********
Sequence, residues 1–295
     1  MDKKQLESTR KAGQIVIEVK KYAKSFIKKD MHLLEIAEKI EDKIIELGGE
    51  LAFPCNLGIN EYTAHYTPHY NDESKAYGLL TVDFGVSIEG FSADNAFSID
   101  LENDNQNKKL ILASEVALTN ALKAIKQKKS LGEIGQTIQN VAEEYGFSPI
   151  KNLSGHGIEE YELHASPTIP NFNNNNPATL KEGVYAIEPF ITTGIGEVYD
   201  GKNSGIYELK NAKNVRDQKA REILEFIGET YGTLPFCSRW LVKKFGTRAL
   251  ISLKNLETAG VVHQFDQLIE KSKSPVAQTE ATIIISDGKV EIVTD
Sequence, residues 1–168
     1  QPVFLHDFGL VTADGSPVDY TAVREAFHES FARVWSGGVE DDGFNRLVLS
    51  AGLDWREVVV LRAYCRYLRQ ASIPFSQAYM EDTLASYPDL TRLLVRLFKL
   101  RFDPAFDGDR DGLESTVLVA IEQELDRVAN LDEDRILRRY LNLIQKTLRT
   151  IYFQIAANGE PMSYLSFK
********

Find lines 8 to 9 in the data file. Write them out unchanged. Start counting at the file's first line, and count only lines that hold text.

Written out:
Sequence, residues 1–168
     1  QPVFLHDFGL VTADGSPVDY TAVREAFHES FARVWSGGVE DDGFNRLVLS